When Ford changed over to 12-volt in 1956, they added a ballast resister to the system so they could use the same coil but keep the current in check. They did that for a long time. In the modern era, there are a lot better materials for manufacturing ignition coils than there were back when they changed over to 12-volts.

The breaker points can take whatever the system is designed for as long as they have a good condenser to make & break the circuit with. The condenser protects the points and slows the collapse of the magnetic field in the coil core just a bit. This makes for an efficient high tension induction force to the secondary winding and on to the spark plug. Bad condenser equals burnt points and poor or no spark.




This is one of the best/thorough explanations I've seen. You have to read/understand every word, every word is important. - Thanks
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Old 11-27-2019, 11:23 AM   #17
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Default Re: 12 volt coil with resistor

I'm not too technological on electronics and electrical. That being said I have done real well keeping trucks and cars running up till all of this new computer age. Here's one for you, I bought a 30 model A a few years back with a 12 volt modern Motorcraft coil on it. I noticed this as soon as I raised the hood but didn't get around to changing it and it ran so good I never have changed it because I am still running 6-volt. Never had a problem yet after 4 years driving.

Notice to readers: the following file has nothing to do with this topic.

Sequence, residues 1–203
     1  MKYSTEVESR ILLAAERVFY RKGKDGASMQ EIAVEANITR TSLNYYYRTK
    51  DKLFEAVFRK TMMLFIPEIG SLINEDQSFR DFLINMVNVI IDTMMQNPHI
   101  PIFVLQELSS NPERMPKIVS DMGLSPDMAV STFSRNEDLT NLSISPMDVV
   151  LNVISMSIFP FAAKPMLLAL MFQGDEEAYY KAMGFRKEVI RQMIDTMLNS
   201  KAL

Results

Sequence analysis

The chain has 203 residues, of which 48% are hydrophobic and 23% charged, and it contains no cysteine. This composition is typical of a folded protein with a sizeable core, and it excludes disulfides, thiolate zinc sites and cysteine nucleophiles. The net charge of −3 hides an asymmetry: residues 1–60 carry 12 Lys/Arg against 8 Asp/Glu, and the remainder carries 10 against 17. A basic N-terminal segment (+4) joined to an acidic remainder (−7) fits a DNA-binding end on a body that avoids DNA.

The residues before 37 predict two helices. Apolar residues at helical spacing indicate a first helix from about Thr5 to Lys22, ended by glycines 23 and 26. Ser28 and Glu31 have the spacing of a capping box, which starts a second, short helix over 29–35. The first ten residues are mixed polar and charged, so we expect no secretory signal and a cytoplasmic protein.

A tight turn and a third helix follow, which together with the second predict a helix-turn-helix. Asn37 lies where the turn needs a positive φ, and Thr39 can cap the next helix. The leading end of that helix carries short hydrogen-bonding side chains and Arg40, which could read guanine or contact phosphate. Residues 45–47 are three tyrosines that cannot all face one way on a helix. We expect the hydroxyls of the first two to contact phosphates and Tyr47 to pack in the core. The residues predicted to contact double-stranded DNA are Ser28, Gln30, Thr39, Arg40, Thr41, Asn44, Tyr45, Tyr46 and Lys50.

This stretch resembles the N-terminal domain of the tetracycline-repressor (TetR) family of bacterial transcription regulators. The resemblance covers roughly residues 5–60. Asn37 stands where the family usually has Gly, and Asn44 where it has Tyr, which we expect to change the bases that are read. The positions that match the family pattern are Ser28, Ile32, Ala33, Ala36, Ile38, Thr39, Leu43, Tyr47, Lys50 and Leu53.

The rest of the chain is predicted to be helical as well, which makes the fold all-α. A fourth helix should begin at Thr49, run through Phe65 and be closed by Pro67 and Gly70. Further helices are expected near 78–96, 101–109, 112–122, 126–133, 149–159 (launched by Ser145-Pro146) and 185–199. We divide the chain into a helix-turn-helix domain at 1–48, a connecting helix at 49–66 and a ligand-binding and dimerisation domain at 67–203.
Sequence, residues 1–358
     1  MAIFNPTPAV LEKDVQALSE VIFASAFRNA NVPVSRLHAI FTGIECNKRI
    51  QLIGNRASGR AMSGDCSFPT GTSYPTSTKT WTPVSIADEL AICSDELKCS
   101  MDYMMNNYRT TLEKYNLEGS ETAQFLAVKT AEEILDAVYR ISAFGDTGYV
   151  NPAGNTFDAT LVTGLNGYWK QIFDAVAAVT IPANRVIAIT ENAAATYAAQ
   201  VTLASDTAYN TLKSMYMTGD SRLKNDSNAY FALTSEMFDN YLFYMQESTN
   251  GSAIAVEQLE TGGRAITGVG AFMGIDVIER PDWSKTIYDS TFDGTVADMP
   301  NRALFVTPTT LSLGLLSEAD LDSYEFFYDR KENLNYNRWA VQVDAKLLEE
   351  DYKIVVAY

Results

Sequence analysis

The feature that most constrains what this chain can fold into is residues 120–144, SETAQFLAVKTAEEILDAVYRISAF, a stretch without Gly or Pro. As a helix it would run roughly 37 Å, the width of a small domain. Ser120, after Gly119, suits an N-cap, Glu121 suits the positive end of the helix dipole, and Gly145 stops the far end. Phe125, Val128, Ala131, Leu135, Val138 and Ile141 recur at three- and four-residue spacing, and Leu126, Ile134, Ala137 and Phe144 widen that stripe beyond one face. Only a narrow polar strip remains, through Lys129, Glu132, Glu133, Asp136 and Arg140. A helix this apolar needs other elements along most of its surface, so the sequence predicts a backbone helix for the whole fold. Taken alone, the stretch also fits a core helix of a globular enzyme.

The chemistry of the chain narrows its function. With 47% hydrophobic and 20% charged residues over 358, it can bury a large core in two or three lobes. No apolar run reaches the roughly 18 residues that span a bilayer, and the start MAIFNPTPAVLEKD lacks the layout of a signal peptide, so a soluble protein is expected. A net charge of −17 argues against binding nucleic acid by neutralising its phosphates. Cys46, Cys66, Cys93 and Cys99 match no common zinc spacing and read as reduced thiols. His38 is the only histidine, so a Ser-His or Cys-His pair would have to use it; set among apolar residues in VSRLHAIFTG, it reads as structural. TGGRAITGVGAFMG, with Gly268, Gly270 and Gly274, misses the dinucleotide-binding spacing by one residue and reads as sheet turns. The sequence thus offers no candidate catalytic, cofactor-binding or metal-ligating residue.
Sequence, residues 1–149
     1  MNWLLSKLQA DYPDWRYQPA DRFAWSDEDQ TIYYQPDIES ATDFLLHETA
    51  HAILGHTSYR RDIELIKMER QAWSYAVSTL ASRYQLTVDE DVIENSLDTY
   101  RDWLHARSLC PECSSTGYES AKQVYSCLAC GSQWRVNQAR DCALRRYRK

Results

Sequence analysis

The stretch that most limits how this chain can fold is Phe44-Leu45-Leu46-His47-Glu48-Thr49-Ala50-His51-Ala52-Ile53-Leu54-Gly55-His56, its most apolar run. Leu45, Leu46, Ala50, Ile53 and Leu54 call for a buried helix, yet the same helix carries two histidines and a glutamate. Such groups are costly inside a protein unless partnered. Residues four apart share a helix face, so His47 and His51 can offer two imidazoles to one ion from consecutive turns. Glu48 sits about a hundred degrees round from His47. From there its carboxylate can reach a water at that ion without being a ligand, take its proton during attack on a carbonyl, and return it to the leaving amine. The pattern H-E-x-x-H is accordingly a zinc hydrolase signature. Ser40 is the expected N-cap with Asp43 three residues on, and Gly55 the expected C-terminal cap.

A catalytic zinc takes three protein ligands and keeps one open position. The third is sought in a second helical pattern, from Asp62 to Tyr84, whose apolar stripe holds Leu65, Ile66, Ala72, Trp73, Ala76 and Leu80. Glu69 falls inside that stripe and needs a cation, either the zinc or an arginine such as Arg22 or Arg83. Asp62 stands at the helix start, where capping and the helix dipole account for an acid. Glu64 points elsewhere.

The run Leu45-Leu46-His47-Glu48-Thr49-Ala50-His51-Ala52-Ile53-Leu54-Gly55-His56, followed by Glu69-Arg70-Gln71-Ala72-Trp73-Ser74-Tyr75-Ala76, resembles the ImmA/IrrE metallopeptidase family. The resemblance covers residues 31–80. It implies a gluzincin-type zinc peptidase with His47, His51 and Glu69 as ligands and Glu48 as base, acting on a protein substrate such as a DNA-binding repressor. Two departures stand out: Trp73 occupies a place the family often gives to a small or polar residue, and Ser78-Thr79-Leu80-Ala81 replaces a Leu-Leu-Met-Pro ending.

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Old 11-27-2019, 01:38 PM   #18
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Default Re: 12 volt coil with resistor

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Originally Posted by 30 Closed Cab PU View Post
I've read that some like running 6v coils with the external resistor on 12 V systems.
Power dissipation of teh coil is substantially reduced since the power in the circuit is shared by the resistor. The benefit is the coil runs cooler and extends the coils life.
Some may want to run an original Ford script coil , Others may just not want to spend the money for a new coil . If running a six volt coil on twelve volts a resistor mounted at the coil connection will be needed or the coil will burn out . The three Ohm coil will give hotter spark than the six volt coil being used on twelve volts with a resister . I run a three Ohm coil on twelve volts and my coil doesn't get hot . I use the Pertronix three Ohm Flamethrower coil . The Flame thrower coil is a performance coil that will add power that can be felt . The spark comes from the coil . I'm not saying that a performance coil must be used . its just a matter of choice . The model A needs all the help it can get !!!
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Old 11-27-2019, 03:13 PM   #19
30 Closed Cab PU
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Default Re: 12 volt coil with resistor

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Originally Posted by Purdy Swoft View Post